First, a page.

The”right of return” is a principle of international law. It was codified in the Universal Declaration of Human Rights which was adopted by the United Nations in December 1948. This Declaration was a response to the horrific events of World War II and represents the first global expression of rights to which all human beings are entitled. Article 13 of he Declaration specifically states that everyone has the right to leave their country of origin and then return and reenter it. It is a standard to which ALL nations are to be held, not just Israel, and a right accorded to ALL refugees, not just Palestinians. A CASE IN POINT IS THE RETURN OF BOSNIAN SERBS AND MUSLIMS TO THEIR ORIGINAL HOMES.
The Fourth Geneva Convention of 1949, to which Israel is a signatory, established laws concerning treatment of civilian populations during and after conflicts. These laws state that the defeated population is to be treated respectfully and humanely, that it is illegal to confiscate their property and to move the victor’s population into the territory of the defeated, and that compensation is to be given to the defeated population for its loss of property.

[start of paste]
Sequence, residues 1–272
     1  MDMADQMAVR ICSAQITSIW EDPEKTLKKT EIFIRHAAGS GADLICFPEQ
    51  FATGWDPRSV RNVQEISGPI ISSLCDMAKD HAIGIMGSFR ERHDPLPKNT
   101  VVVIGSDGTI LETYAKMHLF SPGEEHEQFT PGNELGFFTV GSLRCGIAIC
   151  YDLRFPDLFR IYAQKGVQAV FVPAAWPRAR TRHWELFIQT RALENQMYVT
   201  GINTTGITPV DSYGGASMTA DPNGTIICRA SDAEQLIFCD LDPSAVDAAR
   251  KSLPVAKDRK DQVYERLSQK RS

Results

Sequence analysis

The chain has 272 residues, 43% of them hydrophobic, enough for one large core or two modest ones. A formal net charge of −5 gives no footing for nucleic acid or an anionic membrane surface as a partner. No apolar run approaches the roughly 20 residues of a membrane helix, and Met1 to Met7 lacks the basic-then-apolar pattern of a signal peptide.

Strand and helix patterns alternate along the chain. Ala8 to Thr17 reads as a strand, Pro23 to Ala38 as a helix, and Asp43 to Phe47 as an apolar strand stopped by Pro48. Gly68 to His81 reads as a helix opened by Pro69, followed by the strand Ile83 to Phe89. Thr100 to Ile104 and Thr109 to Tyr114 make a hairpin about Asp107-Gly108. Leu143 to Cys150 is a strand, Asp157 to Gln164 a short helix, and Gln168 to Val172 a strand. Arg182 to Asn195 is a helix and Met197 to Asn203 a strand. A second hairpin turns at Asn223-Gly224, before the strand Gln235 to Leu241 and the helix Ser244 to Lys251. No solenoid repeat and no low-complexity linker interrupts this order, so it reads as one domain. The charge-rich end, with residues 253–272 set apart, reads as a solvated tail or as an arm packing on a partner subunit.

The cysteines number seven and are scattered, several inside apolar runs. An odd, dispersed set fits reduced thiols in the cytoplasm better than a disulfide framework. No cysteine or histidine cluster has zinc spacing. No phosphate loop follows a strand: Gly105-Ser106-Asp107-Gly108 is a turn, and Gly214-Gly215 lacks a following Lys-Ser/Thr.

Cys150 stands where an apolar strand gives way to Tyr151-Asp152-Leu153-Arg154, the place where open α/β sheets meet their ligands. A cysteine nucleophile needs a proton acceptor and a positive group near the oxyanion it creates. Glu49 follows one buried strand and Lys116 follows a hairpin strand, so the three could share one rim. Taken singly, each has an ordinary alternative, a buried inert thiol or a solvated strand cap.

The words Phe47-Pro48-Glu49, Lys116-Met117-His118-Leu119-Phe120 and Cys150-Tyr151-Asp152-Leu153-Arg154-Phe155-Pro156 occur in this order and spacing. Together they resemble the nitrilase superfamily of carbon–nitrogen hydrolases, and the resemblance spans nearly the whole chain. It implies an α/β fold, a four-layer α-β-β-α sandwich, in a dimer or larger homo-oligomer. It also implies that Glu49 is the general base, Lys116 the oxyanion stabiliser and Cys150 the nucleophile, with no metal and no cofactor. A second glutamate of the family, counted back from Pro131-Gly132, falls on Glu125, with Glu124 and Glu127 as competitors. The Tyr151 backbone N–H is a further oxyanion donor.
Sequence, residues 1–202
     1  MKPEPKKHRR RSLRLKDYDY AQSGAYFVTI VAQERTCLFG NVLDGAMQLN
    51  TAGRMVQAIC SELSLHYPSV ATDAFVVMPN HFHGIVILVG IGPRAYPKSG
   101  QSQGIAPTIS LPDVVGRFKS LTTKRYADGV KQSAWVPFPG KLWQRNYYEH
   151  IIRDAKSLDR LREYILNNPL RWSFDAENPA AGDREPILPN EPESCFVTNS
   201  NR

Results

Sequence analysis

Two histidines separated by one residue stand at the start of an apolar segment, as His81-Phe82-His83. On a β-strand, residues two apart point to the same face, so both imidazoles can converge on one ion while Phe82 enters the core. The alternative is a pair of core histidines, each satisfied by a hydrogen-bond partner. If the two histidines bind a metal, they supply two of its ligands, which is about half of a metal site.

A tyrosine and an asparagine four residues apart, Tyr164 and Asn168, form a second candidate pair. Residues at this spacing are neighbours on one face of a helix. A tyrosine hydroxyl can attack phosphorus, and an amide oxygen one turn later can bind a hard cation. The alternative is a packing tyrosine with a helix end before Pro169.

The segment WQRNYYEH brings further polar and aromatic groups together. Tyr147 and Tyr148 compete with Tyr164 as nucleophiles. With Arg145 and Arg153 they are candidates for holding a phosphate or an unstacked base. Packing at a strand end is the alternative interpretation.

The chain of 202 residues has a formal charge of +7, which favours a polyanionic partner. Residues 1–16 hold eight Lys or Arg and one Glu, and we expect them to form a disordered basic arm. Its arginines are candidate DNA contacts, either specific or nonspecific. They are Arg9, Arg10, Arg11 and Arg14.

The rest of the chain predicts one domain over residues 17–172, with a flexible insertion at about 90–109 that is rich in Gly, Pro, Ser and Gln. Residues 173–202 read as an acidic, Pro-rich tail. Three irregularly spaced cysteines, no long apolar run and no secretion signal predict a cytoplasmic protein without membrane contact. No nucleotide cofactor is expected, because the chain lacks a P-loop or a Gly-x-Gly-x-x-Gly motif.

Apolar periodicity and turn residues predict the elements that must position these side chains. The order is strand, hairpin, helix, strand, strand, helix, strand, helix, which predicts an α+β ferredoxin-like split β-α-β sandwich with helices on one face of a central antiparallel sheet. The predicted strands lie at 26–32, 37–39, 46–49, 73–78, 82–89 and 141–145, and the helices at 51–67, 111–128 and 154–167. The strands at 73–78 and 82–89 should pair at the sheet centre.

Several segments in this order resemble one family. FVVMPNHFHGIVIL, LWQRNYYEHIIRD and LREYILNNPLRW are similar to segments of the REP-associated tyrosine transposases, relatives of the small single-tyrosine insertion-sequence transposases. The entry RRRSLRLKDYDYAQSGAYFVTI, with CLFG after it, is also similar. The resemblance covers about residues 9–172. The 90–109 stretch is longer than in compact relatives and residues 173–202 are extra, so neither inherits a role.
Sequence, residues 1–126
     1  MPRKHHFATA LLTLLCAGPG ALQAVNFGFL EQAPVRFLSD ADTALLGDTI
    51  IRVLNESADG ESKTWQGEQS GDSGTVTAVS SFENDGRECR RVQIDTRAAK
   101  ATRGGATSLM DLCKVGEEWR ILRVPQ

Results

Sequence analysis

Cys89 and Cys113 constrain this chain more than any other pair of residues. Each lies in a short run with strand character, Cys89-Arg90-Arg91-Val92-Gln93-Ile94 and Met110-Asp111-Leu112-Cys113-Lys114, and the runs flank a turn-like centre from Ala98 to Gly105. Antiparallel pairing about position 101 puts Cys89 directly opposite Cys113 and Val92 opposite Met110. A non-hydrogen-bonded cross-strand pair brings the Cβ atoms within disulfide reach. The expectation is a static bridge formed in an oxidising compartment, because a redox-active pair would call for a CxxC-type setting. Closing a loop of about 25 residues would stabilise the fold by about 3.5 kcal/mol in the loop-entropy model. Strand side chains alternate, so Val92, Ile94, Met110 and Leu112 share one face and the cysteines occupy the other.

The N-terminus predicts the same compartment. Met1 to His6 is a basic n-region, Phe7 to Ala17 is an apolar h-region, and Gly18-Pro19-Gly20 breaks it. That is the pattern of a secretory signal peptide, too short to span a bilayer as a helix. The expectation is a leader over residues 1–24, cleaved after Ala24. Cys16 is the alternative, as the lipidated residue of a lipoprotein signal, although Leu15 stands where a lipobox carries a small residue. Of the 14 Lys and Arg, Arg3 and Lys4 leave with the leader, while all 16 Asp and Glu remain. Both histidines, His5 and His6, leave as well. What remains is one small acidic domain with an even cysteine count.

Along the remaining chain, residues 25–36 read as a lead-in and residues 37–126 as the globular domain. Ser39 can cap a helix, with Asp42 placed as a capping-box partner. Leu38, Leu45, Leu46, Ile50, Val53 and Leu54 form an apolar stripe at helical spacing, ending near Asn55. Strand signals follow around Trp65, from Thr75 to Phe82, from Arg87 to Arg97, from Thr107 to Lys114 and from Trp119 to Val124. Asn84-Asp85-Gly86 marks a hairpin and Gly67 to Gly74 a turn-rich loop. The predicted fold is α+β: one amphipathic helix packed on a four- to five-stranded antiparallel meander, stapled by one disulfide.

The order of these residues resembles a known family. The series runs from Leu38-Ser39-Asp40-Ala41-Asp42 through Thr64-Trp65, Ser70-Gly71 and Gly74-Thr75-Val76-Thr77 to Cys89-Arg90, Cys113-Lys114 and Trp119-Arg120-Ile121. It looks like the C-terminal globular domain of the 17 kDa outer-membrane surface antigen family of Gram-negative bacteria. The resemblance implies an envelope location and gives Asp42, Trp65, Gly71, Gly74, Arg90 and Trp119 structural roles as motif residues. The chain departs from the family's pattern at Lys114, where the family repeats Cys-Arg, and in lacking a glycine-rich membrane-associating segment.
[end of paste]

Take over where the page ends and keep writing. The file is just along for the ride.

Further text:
Beyond these bodies of laws which apply to ALL refugees in the world, the UN General Assembly, in 1948, specified the Palestinian case in Resolution 194. This resolution states that Palestinians should be permitted to return to their homes or be compensated for their properties if they do not return. This resolution has been reaffirmed by the United Nations over 130 times since 1948.
The state of Israel was created and exists in accordance with a resolution passed in the UN General Assembly in November 1947. Both its statehood and its admission to the UN in 1948 were contingent upon their acceptance of all UN resolutions and their agreement to treat its indigenous population humanely and fairly.